Atkinson, John (1844–1932), lawyer, politician, and judge, was born 13 December 1844 at Ballynoe, Drogheda, Co. Louth, the elder son of Dr Edward Atkinson (1801–76), of Glenwilliam Castle, Co. Limerick, and Skea House, Enniskillen, Co. Fermanagh, and his first wife, Rosetta McCulloch (d. 1849), daughter of Captain John Shaw McCulloch of the 27th Regiment.
Educated at the RBAI and QCG (from 1858), Atkinson graduated BA with first-class honours in 1861 and in 1864 was awarded a diploma in elementary law. After reading for the bar at King's Inns he was called to the Irish bar in Hilary term 1865. While practising on the Munster circuit he built up a large miscellaneous practice, and despite his relative youth took silk in 1880. He became a leading member of the inner bar, and on occasion Irish appeals brought him before the house of lords. In 1885 he was made a bencher of King's Inns. He was briefed in many high-profile cases, as when he represented The Times before the Parnell commission (1888). A lawyer with political ambitions, Atkinson was appointed solicitor general for Ireland in December 1889 and was called to the English bar by the Inner Temple in 1890. In July 1892 he was appointed Irish attorney general and a member of the Irish privy council. However, with the fall of Lord Salisbury's administration just a month later he found himself replaced as attorney general, and he resigned from the privy council.
In 1895 Atkinson was elected MP for Londonderry North, a seat he held until 1905, and with the return of Lord Salisbury to power he was once again appointed attorney general. In politics he was a conservative unionist favouring progress and justice without discrimination. He also favoured abolition of dual ownership of land, and in his role as attorney general his advice on the Irish land problem was of immense assistance to three successive chief secretaries. He was highly thought of by Gerald Balfour (qv), most particularly for his work on the Land Act (1896) and the Local Government Act (1898). Critical of the scheme for devolution put forward by Sir Anthony MacDonnell (qv), he described the proposals as ‘a weak and silly attempt to grant home rule on the sly’ (Ir. Times, 14 Oct. 1904) and was to the fore in presenting the loyalist case against MacDonnell and George Wyndham (qv), leading to Wyndham's resignation. Having carried out the duties of the chief secretary during Wyndham's breakdown, he declined the post in 1905, arguing that he was a lawyer, not a politician.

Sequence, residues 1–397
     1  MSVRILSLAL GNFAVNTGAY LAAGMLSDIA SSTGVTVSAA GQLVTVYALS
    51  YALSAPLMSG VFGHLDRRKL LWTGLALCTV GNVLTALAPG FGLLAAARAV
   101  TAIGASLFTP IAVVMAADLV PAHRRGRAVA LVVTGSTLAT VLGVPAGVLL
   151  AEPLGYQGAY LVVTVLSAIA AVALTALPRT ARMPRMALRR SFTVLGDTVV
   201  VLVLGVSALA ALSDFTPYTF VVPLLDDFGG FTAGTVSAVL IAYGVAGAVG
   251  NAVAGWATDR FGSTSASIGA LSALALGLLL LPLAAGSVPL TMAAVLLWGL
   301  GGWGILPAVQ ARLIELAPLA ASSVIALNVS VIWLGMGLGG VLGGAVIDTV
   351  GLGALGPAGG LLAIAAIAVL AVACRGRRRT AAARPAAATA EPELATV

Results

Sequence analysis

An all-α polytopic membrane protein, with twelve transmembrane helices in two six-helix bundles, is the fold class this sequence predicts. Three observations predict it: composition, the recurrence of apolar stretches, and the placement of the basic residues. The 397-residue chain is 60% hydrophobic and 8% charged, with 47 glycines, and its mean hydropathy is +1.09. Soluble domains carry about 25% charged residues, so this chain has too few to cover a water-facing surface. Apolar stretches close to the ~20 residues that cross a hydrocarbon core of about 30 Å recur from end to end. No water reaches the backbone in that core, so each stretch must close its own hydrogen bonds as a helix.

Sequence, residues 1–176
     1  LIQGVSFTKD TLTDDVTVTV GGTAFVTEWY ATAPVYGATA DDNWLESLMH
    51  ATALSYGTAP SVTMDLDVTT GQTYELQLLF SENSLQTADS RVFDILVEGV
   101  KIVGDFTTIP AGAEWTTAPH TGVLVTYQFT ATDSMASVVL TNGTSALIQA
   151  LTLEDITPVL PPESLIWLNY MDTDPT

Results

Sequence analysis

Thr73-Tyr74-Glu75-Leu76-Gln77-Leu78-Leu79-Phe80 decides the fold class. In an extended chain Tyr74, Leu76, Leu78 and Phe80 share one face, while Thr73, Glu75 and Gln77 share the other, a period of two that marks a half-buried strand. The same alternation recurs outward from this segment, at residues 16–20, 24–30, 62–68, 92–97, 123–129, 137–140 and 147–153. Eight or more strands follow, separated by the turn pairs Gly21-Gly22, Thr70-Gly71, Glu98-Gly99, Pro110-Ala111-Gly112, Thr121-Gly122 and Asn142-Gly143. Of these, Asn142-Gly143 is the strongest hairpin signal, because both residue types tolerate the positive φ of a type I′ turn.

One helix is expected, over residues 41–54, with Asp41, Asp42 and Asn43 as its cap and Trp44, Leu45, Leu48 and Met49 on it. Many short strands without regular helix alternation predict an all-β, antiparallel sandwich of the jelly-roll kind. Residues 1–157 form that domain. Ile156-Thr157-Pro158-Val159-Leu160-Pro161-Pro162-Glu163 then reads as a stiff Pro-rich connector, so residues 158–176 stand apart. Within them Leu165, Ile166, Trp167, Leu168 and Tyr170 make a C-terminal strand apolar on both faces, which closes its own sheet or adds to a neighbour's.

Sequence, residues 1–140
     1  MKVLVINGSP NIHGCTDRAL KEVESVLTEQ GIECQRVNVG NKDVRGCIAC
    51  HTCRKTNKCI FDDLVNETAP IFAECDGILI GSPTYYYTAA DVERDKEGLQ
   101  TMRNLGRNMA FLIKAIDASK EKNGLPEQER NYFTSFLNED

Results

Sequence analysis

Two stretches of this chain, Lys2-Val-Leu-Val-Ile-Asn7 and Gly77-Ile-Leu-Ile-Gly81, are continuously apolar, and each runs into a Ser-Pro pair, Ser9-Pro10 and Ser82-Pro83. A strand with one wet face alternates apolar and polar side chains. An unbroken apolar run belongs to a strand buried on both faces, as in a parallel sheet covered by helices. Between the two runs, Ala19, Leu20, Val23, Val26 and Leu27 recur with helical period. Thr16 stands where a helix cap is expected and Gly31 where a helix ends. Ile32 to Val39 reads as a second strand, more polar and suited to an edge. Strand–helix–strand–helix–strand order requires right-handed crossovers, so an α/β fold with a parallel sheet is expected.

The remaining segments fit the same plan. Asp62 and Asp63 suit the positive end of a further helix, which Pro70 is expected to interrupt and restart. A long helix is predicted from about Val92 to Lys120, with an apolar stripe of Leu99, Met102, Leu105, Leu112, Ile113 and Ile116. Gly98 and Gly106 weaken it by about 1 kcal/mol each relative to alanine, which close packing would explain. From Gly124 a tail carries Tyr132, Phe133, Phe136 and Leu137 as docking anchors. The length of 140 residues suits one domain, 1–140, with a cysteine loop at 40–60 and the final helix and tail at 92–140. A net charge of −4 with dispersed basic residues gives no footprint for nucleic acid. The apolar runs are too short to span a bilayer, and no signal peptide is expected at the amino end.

In December 1905 Atkinson was appointed a lord of appeal in ordinary, becoming the first member of the Irish bar to be appointed directly to the highest level of the judiciary. Given a life peerage, he took the title Baron Atkinson of Glenwilliam , Co. Limerick. At the same time he became a privy councillor. Atkinson never claimed to be an intellectual lawyer and his appointment was unpopular with many in the profession, who viewed him as a politician rather than a lawyer. However, his subsequent career dispelled any fears about his lack of competence and partisanship. In 1915 efforts were made by the coalition government to remove him in favour of James Campbell (qv), but Atkinson refused to resign. He retired in February 1928.
On 22 March 1873 Atkinson married Rowenna Jane Chute (d. 1911), the daughter of Dr Richard Chute of Tralee, Co. Kerry. They had four sons, including Cecil Thomas Atkinson (1876–1919), KC (1917) and judge of the high court of India, who died in an accident on the Indian railway. Two of Atkinson's other sons also predeceased him. The family lived at 39 Hyde Park Gate, London, and Fitzwilliam Square, Dublin. Atkinson died 13 March 1932 in London. A portrait of him by John St Helier Lander is in the possession of the King's Inns, Dublin; a facsimile appears in King's Inns portraits.